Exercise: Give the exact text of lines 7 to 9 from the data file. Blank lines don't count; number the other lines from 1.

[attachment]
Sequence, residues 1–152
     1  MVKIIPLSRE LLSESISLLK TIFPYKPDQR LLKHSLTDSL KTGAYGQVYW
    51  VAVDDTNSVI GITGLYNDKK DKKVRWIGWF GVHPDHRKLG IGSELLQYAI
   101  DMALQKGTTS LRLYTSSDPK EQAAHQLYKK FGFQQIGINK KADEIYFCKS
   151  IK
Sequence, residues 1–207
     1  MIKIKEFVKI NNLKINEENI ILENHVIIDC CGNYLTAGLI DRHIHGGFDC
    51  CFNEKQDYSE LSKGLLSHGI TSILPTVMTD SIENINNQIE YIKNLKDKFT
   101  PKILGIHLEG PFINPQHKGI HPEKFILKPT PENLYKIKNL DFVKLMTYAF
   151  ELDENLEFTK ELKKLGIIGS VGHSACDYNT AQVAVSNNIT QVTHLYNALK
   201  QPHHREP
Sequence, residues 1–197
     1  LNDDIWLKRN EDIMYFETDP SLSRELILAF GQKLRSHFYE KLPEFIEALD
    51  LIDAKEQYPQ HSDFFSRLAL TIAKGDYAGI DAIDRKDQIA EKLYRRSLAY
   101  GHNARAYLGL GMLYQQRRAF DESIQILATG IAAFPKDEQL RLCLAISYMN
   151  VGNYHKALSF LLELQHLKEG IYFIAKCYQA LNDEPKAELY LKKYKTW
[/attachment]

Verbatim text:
     1  MIKIKEFVKI NNLKINEENI ILENHVIIDC CGNYLTAGLI DRHIHGGFDC
    51  CFNEKQDYSE LSKGLLSHGI TSILPTVMTD SIENINNQIE YIKNLKDKFT
   101  PKILGIHLEG PFINPQHKGI HPEKFILKPT PENLYKIKNL DFVKLMTYAF